More often than not, companies respond to the Overvaluation Trap by making flashy acquisitions. This allows them to claim synergies and “platform value” that can theoretically justify their valuation. As long as the company keeps making acquisitions, it can distract the market from previous failures for a time, until the whole edifice comes crashing down, a scenario that might sound familiar to any who has paid attention to Valeant (VRX).
With the stock market at an all time high even in the midst of an earnings recession, many companies are stuck in the Overvaluation Trap.
Abundance Of Capital
Companies that see their stock as expensive might want to do as many all-stock deals as possible to take advantage of their strong currency.
Not that companies need to use their stock to get deals done. S&P 500 non-financial companies currently hold a record $1.5 trillion in cash and short-term investments on their balance sheets. The $26.2 billion Microsoft agreed to pay for LinkedIn represents less than a quarter of its excess cash.
Public companies aren’t the only ones with money burning a hole in their pockets either. Private equity funds are sitting on over $880 billion in dry power. With lots of cash and expensive stock chasing relatively scarce investment opportunities, there are lots of opportunities for overpriced acquisitions.
Most individuals that reach the top levels of major public corporations tend to be competitive and have a drive to beat their competitors, and that can manifest in large acquisitions. Oracle (ORCL) founder Larry Ellison admitted as much in a 2005 interview when he said:
“That’s one of the unknowables. Am I doing it for purposes of vanity or because of my obligation to the shareholders?”
Current Oracle CEO Safra Katz struck a similar tone in a press conference last year when she spoke about her frustration at being smaller than SAP in the business applications market, saying:
“This is how we feel: silver medal is the first loser.”
It’s not hard to imagine that ego can drive executives to overpay for acquisitions so they can get bigger and bigger, or so that they can stop a competitor from getting bigger than them.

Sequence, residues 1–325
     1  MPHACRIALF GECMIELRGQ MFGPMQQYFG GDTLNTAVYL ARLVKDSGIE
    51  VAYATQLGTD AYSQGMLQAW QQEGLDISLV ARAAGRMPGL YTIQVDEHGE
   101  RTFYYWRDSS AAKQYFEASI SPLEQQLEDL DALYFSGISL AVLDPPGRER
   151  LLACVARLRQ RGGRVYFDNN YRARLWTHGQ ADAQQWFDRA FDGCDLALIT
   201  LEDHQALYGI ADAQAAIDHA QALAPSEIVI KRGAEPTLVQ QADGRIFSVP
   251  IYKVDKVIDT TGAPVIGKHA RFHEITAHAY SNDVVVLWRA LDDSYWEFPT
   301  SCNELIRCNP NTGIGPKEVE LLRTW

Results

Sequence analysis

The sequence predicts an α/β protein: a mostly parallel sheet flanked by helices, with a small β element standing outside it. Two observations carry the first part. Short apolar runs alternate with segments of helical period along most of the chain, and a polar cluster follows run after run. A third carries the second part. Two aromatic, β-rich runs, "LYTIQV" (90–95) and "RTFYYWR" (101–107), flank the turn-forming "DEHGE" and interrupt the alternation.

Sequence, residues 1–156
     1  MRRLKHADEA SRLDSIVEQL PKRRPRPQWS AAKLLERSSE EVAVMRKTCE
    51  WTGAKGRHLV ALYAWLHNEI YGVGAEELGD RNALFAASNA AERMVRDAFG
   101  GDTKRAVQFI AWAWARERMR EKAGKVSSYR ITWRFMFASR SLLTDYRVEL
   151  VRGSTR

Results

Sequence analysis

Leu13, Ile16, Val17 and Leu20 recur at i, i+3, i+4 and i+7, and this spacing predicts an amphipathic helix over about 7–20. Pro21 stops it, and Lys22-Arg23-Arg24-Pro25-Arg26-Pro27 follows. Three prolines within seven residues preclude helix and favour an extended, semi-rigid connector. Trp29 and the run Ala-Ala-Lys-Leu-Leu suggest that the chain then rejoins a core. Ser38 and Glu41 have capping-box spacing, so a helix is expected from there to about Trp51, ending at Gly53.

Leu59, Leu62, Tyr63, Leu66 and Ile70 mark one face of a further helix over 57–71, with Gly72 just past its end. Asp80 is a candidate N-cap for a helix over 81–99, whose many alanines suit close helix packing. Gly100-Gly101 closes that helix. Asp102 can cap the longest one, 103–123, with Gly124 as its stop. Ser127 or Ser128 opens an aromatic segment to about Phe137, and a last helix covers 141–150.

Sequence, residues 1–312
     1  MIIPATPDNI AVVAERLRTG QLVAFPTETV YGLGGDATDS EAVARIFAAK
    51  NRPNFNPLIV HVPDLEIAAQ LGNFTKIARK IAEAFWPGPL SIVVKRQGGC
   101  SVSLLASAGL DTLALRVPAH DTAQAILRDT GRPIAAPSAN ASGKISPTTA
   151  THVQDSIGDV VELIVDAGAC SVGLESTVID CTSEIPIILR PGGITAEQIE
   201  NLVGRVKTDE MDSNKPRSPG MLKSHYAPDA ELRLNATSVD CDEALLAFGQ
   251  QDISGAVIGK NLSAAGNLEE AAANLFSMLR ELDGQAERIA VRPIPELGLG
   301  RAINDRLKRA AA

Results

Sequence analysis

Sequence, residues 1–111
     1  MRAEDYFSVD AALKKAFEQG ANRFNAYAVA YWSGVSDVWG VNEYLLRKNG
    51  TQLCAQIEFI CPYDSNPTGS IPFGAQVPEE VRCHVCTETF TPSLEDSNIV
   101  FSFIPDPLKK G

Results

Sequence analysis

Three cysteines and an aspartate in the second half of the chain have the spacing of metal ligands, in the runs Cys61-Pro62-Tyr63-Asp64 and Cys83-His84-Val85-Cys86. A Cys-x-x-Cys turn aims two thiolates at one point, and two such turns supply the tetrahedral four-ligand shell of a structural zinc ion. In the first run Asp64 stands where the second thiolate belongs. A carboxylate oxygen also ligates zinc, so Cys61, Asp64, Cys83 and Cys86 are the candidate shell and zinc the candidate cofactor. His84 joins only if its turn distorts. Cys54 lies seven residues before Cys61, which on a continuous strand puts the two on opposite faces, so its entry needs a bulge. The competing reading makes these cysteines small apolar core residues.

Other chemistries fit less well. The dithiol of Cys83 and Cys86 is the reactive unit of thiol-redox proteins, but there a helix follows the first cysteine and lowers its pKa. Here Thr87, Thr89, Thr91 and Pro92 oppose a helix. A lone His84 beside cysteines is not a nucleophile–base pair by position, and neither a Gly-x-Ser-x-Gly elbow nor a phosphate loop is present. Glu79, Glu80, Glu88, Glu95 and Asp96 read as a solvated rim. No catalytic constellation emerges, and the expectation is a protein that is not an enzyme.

Certainly one has to imagine ego played a role in Elon Musk’s decision to have his highflying company Tesla (TSLA) bailout his struggling company SolarCity (SCTY). The announcement sent Tesla shares plummeting, but at least he doesn’t have to see a company he founded go under.
The Pollyanna Principle
Finally, overpriced acquisitions can happen because everybody—executives, directors, shareholders, etc.—fall prey to basic psychological biases. Most importantly, people are susceptible to what’s known as the Pollyanna Principle, the tendency to overrate positive memories and discount negative ones. It’s the reason everyone thinks music was better when they were young, and it’s the reason companies can talk themselves into deals at absurd valuations.
After all, sometimes seemingly overpriced deals do work out. People scoffed at EBay (EBAY) buying PayPal (PYPL) for $1.5 billion in 2002, or Google (GOOGL) paying $1.6 billion for YouTube in 2006, and those deals turned out to be massive winners.
The Pollyanna Principle causes people at all levels of the deal making process to overrate these success stories and ignore counterexamples such as the disastrous AOL/Time Warner merger that led to a $45 billion write-down.
What This Means For Investors
The recent overpriced acquisitions haven’t shaken our conviction in our models. The evidence still shows that ROIC and cash flows are the ultimate drivers of value. Still, it’s always important to remember the words of legendary investor Benjamin Graham:
“In the short run, the market is a voting